Today was one of those days.
Long ride downtown,
then the usual parking problems,
the glorious thrill of pure magical sunshine on the Rhine,
the chance to watch kids play on the grass between the main government buildings,
a group of Swiss tourists who put up a small day tent for their kids,
with Swiss flag
on the small grassy enclosure near the “Fish Gate,”
the place where the fishermen land their fresh catch each morning.
No, not from the Rhine any more,
but the water is slowly cleaning up, and some day….
And in the midst of all of this,
on a clear Friday morning at Gutenberg late elevenses time,
we ordered a hamburger.
And were served.
Gasp, and double gasp.
And… when it arrived,
not coffee macchiato, not croissants, or muffins, a boiled egg and hard rolls, bread and cheese,
a real hamburger,
not from The Colonel, or Mac, or King,
but a hamburger.
And at almost twelve,
not after twelve,
or one o’clock,
but almost twelve-
when any other normal person in Gutenberg land knows
you have to go to a Chinese,
and drink tea for a half hour,
or to the great kids of foreign ancestry
whose waiter uniform is shirts with the logo “Made in Gutenberg Land…”
No, believe it or not,
just because the weather was so perfect,
and the view of the market was so perfect-
all filled with fascinating foreigners,
all in heavy hiking sandals
and with Nordic walking sticks,
at the front a guide like a boy scout troop leader,
with a pennant marked “Thor” or “Odin”
we let our guard down for a moment.
Sunshine, tourists, Friday, work over soon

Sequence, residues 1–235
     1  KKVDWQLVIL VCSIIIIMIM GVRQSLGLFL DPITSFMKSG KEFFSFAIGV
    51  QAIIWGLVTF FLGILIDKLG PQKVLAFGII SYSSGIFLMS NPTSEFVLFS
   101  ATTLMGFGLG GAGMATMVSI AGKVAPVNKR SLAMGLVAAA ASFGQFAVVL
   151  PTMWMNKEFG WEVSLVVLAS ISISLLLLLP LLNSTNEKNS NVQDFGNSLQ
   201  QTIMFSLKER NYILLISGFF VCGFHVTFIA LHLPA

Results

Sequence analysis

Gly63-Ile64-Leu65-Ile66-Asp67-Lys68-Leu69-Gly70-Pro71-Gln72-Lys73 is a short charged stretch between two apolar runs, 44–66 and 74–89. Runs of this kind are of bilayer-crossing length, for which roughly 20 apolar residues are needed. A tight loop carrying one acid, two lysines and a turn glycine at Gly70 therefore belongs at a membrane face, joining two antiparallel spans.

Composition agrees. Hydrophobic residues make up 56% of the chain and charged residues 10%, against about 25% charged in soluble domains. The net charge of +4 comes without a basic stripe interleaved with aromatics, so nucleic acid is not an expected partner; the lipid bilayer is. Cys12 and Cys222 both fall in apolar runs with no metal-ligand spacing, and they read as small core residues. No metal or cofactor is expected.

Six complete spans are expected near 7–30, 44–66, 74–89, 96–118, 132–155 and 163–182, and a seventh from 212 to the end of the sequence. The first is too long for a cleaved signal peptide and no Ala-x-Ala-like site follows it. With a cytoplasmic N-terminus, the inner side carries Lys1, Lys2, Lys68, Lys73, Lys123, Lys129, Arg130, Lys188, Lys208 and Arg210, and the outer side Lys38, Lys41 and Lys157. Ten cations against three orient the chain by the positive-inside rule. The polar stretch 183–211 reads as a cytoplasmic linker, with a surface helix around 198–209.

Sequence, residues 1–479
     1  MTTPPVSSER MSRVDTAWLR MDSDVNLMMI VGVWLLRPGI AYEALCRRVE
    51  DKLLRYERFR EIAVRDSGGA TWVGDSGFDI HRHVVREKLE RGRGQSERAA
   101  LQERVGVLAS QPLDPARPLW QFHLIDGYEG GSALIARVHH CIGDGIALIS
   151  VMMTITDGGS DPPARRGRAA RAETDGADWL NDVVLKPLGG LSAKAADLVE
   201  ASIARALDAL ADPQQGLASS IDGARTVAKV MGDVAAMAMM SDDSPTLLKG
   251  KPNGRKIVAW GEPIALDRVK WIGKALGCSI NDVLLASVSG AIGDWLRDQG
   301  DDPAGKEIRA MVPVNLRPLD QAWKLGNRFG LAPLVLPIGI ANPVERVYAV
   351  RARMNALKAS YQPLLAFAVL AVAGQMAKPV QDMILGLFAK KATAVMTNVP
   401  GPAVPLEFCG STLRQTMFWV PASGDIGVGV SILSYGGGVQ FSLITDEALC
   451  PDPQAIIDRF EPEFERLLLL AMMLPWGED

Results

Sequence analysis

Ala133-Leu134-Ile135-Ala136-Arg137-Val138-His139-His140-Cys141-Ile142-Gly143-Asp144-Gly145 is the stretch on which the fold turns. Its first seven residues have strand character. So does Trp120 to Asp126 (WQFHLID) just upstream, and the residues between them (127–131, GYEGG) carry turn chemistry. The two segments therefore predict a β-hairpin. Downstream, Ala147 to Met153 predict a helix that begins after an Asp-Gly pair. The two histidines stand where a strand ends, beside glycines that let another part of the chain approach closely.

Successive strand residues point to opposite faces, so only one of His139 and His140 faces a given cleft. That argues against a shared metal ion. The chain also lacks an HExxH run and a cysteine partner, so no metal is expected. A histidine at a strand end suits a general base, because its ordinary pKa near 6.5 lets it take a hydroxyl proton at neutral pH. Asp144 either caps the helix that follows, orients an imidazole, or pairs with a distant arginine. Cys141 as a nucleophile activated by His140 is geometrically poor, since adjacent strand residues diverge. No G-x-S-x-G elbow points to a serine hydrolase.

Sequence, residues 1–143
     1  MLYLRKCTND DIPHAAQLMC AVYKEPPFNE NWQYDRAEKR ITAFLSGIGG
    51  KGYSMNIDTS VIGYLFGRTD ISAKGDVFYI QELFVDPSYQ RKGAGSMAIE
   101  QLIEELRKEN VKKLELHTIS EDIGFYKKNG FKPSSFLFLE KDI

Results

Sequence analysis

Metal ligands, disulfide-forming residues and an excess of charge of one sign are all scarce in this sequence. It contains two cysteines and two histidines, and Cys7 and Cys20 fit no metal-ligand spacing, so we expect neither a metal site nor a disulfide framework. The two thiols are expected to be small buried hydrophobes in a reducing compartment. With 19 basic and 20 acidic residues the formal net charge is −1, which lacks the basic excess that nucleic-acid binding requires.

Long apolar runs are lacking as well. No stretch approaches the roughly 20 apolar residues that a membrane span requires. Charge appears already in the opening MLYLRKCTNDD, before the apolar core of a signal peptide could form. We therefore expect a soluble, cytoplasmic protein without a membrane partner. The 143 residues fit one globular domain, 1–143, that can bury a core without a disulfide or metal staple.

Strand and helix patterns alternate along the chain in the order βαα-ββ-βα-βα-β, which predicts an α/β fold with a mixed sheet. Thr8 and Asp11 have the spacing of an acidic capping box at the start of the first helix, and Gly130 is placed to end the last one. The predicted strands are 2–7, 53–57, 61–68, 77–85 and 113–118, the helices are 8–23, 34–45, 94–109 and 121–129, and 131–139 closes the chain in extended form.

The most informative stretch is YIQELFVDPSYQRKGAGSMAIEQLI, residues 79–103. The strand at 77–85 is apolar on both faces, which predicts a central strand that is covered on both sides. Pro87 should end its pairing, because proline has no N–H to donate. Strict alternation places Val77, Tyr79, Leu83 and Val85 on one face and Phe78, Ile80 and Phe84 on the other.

(37 1/2 hour work week here- ie short Friday)
and recoiled in horror as we discovered we had been served-
parsnip, carrot, and beetroot fries.
Now, if you are not born in Gutenberg land,
or haven’t really lived here for a long while,
you probably don’t really understand the sociological significance of that statement.
Think the unthinkable.
The Titanic sinking.
The land of potatoes potatoeless.
And you start to get the picture.
Thousands of students in the university cafeteria suddenly not eating large gluey square potato dumplings.
The Christmas market without potato pancakes.
No potato soup on Saturday.
No potato bread,
potato salad national championships each year-
first prize a trip to Cologne
to see the French revolution musical “Les Frites”
no more “pommes fritz ‘train crossing barrier'”
(stripes of catsup and mayo over the top)
No, the world was coming to an end.
No more small french fry trucks ringing bells to call customers
as they circle the neighborhoods Sunday at 12 pm.
The German economy would come to an end.
Life would never be the same.
And then the waitress saved the day.
“Would you like pommes fritz with that? Red and white?”
O Tempora, O Mores.